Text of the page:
Diesel importers in Brazil are grappling with uncertainty after Russia's announcement on Sept. 21 that it was temporarily banning exports of diesel and gasoline to ease domestic fuel prices and alleviate supply shortages.
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In recent months, Russian product has accounted for about 78% of diesel imports into Brazil, data from S&P Global Commodities at Sea showed. With the export ban Brazil will now be looking to source its supply from elsewhere, market sources said.
Platts, part of S&P Global Commodity Insights, on Sept. 1 launched a spread between all-origin diesel delivered into Brazil versus US origin, starting at a 16-cent discount for the cheaper Russian barrels. The spread was assessed down 14 points at 9.28 cents/gal on Sept. 21.
"We heard Brazil was already buying more out of the US Gulf Coast since Russia had reduced their exports before the ban," one market source said.
Shipping data from Kpler showed flows of refined product cargoes out of Russia had dropped in September compared to August. In August Russia exported 6.32 million barrels of clean products to Brazil, compared to 3.75 million barrels scheduled to arrive in September and 260,000 barrels in October, Kpler data showed.
The data also showed that USGC exports to Brazil totaled 3 million barrels in August, with that figure increasing to 4.80 million barrels in September. So far, 680,000 barrels are scheduled for export to Brazil in October, according to Kpler data.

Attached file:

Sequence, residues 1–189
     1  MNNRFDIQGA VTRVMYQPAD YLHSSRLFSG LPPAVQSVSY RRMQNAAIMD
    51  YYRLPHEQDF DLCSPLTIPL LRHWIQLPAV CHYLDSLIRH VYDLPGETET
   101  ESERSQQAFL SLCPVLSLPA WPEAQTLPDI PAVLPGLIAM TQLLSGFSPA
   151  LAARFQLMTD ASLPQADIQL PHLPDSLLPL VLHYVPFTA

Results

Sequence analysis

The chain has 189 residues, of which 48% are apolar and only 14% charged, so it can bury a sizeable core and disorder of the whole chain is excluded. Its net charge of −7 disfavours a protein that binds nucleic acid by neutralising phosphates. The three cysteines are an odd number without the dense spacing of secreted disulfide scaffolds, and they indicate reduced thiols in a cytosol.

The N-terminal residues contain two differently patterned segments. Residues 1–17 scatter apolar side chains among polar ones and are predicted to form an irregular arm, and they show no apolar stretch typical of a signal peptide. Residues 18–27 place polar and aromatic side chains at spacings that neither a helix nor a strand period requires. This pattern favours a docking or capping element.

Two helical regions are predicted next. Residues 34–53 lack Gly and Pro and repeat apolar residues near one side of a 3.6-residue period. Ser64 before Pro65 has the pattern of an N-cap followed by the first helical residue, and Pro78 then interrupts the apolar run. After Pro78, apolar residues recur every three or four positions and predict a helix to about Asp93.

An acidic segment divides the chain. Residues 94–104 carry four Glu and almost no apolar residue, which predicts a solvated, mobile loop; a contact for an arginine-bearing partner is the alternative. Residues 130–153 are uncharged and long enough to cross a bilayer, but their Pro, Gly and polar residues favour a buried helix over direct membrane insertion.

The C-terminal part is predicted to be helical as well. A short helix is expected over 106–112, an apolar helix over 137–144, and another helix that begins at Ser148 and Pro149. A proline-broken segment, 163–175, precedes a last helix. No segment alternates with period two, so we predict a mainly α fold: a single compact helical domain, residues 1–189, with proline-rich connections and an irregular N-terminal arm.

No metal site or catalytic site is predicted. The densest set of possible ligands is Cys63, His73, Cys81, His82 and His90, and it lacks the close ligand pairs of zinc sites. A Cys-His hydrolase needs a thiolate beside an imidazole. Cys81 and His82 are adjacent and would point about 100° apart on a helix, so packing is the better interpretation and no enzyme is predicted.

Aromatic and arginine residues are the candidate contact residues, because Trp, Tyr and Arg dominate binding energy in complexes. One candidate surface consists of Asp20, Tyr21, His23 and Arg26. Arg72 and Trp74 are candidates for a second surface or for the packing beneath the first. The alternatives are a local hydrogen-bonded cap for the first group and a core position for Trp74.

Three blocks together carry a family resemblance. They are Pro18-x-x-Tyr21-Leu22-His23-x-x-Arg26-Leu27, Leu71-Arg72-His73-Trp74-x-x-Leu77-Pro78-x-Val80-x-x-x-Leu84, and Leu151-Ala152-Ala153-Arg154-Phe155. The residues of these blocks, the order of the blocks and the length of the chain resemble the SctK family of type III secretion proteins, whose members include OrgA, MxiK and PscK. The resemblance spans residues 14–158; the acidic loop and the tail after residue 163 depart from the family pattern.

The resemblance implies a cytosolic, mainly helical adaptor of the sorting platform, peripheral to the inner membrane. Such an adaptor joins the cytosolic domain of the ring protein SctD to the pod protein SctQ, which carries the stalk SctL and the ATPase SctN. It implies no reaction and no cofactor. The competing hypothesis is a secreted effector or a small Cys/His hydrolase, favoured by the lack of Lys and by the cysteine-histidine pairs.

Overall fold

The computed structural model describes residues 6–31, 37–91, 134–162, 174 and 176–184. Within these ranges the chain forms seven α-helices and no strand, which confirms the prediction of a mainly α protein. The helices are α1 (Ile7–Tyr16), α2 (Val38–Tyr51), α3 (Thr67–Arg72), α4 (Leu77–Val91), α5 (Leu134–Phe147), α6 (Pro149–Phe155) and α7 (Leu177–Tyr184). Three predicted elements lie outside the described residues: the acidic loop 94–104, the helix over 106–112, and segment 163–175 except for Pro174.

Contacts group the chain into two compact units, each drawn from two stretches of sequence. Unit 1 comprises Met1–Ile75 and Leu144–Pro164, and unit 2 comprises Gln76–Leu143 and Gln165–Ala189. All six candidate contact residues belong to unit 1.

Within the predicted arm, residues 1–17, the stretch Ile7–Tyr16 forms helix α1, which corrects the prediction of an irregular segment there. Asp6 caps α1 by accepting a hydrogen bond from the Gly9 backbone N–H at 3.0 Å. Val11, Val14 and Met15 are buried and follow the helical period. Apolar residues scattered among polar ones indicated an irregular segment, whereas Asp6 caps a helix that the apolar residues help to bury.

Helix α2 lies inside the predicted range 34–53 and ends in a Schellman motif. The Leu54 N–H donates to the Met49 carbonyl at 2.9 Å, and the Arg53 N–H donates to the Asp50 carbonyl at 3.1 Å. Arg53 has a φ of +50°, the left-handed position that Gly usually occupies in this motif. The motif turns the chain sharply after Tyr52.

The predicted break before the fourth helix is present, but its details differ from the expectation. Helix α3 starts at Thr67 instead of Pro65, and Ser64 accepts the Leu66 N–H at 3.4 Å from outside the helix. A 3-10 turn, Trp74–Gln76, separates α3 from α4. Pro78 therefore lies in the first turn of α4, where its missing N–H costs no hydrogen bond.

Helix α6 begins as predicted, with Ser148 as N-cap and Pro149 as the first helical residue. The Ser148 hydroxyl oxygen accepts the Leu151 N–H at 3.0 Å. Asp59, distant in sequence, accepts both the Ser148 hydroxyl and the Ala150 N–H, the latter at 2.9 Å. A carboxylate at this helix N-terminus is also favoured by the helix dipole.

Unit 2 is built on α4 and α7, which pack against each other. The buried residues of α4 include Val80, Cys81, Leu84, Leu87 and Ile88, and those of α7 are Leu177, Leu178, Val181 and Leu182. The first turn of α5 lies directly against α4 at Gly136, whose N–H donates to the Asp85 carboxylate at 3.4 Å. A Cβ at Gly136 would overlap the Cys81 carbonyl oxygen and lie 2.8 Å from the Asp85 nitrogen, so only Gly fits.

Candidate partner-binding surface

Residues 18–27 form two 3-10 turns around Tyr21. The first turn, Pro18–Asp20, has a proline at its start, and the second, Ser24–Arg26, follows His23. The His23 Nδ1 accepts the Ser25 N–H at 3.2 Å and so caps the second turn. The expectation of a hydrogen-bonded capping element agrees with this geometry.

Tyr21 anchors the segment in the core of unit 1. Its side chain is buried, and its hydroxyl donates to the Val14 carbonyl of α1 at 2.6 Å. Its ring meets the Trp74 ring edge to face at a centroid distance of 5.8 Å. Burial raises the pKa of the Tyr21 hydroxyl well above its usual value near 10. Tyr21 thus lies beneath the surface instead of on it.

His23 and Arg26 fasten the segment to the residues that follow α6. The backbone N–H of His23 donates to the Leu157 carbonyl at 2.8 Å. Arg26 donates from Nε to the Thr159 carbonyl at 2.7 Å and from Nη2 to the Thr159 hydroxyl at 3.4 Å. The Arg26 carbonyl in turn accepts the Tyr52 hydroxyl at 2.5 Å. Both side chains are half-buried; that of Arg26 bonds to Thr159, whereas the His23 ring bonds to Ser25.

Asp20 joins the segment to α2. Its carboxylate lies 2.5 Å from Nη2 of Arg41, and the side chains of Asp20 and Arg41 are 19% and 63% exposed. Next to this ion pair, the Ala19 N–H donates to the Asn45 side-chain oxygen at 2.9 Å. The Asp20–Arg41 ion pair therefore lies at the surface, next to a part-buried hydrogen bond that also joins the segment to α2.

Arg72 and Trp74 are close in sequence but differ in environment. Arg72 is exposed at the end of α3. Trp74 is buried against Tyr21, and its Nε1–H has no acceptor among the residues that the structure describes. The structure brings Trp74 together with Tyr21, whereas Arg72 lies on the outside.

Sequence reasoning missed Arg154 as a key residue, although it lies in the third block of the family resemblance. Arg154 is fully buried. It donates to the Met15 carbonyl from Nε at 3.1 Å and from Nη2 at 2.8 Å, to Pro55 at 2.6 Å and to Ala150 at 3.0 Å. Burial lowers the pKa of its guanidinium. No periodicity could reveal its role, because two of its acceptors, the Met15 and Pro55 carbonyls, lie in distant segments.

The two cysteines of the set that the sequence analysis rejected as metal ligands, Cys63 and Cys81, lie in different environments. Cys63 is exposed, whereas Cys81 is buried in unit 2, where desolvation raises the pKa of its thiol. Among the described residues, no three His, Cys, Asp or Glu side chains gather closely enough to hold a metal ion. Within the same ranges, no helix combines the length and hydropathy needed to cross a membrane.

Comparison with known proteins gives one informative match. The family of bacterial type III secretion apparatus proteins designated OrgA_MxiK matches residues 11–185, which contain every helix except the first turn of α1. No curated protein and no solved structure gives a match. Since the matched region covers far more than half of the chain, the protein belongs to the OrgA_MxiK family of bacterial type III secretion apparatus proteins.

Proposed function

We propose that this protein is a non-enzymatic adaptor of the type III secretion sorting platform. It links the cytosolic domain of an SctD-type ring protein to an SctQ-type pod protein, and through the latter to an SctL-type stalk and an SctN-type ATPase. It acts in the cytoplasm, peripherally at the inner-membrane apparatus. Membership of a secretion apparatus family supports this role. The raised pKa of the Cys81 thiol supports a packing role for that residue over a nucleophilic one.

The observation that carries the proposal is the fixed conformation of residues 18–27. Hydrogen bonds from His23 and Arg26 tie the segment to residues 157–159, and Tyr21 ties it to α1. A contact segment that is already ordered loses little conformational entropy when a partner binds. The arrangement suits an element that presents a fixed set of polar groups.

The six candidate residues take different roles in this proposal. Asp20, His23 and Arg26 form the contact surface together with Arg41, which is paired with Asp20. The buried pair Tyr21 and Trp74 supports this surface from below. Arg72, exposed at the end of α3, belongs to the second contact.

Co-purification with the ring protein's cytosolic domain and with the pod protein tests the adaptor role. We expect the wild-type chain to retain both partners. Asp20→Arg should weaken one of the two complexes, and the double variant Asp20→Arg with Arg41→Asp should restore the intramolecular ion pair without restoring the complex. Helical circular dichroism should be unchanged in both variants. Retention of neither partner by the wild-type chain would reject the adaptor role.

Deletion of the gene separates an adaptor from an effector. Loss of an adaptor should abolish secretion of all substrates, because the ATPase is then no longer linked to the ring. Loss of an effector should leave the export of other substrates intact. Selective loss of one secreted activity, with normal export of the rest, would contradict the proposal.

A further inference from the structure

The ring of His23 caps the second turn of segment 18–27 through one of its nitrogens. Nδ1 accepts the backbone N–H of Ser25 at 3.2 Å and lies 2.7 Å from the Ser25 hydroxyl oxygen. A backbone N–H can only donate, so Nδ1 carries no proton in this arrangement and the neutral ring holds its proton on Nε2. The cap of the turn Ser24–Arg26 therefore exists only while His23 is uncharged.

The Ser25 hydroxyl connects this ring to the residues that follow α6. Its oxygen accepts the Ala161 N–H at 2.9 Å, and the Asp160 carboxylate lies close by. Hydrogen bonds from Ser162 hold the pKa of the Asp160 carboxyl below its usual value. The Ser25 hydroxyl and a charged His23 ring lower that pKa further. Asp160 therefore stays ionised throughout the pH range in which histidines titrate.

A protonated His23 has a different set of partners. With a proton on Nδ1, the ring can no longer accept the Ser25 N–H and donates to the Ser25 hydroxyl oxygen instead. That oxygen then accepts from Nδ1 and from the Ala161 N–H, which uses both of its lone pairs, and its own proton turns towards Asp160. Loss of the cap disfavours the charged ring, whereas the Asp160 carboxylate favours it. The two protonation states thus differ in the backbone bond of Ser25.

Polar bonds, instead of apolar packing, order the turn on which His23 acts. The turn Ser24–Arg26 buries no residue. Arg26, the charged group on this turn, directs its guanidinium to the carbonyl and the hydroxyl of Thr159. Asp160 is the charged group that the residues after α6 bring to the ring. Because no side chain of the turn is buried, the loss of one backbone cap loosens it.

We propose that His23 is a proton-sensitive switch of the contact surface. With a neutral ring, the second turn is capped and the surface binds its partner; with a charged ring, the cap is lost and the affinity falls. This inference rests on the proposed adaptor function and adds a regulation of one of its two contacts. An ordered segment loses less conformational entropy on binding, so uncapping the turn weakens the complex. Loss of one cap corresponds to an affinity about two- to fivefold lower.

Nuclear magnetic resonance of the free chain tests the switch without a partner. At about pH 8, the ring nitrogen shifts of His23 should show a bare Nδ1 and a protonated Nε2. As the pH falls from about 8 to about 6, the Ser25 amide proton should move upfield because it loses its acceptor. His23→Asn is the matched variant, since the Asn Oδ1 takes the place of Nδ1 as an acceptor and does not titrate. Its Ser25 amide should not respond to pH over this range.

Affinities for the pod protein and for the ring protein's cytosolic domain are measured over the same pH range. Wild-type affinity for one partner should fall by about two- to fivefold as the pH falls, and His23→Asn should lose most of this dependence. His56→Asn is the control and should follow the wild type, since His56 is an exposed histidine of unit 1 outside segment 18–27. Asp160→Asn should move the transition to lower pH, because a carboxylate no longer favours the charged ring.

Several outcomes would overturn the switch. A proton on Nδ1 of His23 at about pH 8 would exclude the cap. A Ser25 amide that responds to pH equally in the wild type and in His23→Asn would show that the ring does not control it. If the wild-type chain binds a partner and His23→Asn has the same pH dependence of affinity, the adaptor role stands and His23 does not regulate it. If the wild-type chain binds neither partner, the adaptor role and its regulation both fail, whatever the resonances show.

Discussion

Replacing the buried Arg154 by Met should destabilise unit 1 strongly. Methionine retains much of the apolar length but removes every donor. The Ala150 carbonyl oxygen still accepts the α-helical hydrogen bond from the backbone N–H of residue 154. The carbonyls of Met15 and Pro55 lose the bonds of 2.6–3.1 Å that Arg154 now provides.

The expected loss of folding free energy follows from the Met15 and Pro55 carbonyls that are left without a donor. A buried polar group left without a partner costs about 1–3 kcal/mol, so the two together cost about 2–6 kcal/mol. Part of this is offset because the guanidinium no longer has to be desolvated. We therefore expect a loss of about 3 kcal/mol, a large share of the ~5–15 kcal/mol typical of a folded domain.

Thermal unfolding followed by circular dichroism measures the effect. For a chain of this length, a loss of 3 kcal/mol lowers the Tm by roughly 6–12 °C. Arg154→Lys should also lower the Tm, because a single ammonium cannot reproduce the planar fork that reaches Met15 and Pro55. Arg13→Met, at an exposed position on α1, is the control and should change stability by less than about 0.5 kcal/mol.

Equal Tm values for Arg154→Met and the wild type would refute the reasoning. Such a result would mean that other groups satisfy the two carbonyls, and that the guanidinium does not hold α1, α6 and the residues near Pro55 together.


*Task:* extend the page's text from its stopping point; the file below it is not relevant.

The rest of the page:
S&P Global analysts said the Russian export ban will open doors for higher USGC exports and prices, as it remains the most reliable supplier to South America.
Market sources were concerned whether deals already made to buy diesel from Russian refiners would be completed. Some sources said cargoes already on the water were likely to still arrive in Brazil, but it was unclear as of Sept. 21 if cargoes secured, but not yet loaded in Russia, would go through.
"It's a possibility due to the ministry's announcement," another market source added, referring to the temporary ban on diesel and gasoline exports announced by the energy ministry.
Russia's government said that the restrictions are intended to relieve internal supply shortages and the resulting soaring prices.
"Temporary restrictions will help saturate the fuel market, which in turn will reduce prices for consumers," the Russian government said in a statement.
S&P Global analysts noted recent shortages at service stations in Russia, while farmers have also been facing diesel shortage ahead of the harvest season.
"Russia definitely produces enough fuel to cover domestic demand," one S&P Global analyst said. "The fundamental problem, however, is that export sales are more profitable than domestic sales."
Another S&P Global analyst pointed to political motivations rather than supply issues within Russia as the reason for the temporary export ban.